Why super apps aren’t the threat startups imagine

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Since the COVID-19 pandemic hit the world in 2020, a lot has changed in the way we live, work and do business. A radical change concerns the importance of the online space to represent your business and deliver your services and products. While being present and actively selling online was just a pleasurable choice or thing for many businesses before the pandemic, it has become a must now. Online sales account for a larger share of business sales in many industries (the so-called offline to online or O2O transition), and without a strong online presence, these businesses would have serious problems competing and surviving after the downturn. pandemic.

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I think most of these changes in consumer behavior will stick with us even when the pandemic is a thing of the past, and as a result, startups will increasingly have to think about their presence and traction online. They have access to different channels to reach and serve their potential customers online: company websites / portals, online aggregation platforms, social media, mobile and super apps, among others. Super apps are almost everywhere these days: WeChat, AliPay and Meituan in China; Grab, GoTo and Sea in South East Asia; Paytm in India; Careem, Snapp and Noon in the MENA region; and Mercado Libre and Rappi in Latin America, among others. A great app offers several interesting services and use cases to its target customers in a single app.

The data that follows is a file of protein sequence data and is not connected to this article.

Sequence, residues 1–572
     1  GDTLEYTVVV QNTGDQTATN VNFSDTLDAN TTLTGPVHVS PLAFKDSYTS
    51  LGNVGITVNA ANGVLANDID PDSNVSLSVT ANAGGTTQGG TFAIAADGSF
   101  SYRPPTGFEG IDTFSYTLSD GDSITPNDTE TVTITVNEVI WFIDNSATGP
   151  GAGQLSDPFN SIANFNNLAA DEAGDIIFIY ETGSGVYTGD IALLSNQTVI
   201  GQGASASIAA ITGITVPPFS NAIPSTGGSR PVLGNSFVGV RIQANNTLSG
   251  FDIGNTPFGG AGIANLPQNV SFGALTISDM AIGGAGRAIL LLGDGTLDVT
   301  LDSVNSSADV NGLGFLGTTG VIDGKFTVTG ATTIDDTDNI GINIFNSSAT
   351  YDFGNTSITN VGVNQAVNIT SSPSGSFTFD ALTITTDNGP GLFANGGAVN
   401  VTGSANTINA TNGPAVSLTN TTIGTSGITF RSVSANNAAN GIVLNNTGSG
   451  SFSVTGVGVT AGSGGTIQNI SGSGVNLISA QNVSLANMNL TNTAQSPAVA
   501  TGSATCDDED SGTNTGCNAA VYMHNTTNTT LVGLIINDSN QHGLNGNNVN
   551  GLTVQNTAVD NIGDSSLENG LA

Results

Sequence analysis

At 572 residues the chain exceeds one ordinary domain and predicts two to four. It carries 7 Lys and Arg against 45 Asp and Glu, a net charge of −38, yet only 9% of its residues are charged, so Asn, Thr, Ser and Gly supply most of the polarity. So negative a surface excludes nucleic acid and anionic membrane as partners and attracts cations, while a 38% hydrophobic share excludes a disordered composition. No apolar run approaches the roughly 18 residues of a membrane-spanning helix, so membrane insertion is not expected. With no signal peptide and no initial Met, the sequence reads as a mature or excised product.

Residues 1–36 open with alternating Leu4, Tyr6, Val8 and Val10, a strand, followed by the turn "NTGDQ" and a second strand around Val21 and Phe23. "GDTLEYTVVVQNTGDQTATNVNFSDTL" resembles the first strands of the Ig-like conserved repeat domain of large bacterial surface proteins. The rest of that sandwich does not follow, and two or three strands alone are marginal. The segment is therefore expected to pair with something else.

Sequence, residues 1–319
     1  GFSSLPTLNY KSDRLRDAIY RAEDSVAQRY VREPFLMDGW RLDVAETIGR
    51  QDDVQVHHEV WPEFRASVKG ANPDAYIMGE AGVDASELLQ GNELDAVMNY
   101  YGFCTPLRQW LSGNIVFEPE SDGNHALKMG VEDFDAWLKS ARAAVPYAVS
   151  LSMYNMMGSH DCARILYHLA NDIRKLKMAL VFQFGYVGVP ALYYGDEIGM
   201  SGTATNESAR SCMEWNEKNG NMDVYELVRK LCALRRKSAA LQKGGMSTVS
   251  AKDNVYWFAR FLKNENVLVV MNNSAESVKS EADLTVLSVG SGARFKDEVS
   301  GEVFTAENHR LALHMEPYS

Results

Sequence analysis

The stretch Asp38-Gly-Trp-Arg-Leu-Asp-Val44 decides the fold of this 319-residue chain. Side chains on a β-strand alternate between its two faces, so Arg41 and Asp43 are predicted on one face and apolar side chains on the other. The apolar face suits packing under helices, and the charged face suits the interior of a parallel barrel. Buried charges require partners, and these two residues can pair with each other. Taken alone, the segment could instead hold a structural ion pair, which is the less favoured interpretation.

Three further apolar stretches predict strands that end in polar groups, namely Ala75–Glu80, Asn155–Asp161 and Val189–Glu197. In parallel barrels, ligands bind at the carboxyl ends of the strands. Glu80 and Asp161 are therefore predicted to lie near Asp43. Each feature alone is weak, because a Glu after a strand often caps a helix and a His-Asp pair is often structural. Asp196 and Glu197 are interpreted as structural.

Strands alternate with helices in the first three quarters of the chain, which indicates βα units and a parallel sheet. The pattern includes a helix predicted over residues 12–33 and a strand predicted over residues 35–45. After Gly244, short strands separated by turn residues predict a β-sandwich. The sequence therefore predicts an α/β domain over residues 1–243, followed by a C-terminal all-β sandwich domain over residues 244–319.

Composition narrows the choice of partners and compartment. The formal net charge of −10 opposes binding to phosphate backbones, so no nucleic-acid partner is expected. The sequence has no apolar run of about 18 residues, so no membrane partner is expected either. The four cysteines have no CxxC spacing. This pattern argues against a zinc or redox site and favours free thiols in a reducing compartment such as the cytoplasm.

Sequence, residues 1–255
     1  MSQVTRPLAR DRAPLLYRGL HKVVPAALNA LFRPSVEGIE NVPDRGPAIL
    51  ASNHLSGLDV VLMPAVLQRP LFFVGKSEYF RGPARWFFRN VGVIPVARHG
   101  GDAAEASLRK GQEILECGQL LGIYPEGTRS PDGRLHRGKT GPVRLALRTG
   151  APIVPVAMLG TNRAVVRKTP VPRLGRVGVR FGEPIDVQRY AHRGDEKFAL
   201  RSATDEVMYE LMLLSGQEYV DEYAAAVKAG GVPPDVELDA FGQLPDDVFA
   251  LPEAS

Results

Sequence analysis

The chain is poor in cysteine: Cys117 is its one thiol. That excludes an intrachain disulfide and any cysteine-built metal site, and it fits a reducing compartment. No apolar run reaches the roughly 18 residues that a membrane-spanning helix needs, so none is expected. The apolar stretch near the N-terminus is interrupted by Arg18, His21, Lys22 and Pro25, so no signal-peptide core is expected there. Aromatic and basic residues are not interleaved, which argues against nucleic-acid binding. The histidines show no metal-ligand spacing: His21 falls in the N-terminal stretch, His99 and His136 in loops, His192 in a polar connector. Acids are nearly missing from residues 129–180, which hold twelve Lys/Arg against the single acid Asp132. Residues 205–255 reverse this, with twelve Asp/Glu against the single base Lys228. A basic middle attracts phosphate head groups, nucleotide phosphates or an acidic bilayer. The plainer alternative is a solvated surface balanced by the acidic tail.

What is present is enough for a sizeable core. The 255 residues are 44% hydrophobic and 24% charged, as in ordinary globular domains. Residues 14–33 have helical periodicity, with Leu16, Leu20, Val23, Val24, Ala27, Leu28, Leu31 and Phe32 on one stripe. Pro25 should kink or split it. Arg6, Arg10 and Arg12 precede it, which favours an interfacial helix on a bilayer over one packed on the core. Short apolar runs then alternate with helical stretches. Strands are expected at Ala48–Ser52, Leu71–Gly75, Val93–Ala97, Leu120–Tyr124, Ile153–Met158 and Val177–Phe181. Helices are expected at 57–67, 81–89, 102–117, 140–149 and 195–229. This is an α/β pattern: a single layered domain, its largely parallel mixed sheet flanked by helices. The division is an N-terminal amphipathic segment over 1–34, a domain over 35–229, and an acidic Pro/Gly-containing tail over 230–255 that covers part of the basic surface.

Source: Dubai Chamber

This one-stop-shop philosophy means that customers would only need to install one app, register once, add their credentials once, and then immediately enjoy multiple apps at at your fingertips, all-in-one. While super apps were born to bring convenience and value to their customers, they can be seen as potential threats to start-ups and online startups. Over time, super apps continue to consolidate demand while expanding their portfolio of services. On the other hand, they should be able to lower unit costs, and pass some of this on to customers in the form of lower prices. More services and lower prices, complemented by an improved experience and convenience for customers, can be interpreted as leaving less room for micro, small and medium enterprises (MSMEs) and start-ups to grow and prosper.

Source: Kearney analysis

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However, this is not true; In contrast, I strongly believe that super apps can indeed fuel the emergence and growth of online startups, especially at times like now as we are gradually emerging from a large-scale pandemic. Let’s start with a vivid example. WeChat launched its mini-programs in 2017. These are third-party applications that are developed and run on the WeChat platform and provide a wide variety of services and advanced features to its native clients. In just three years, the number of mini-programs on the platform has multiplied by 5.5, while in the same period, the volume of transactions on these applications has doubled almost every year, so much so that these mini-programs are already attracting over 800 million per month and 400 million daily active users in 2020. I firmly believe that such leaps and bounds for these apps would not have been possible without the underlying foundation of WeChat. Let’s see why.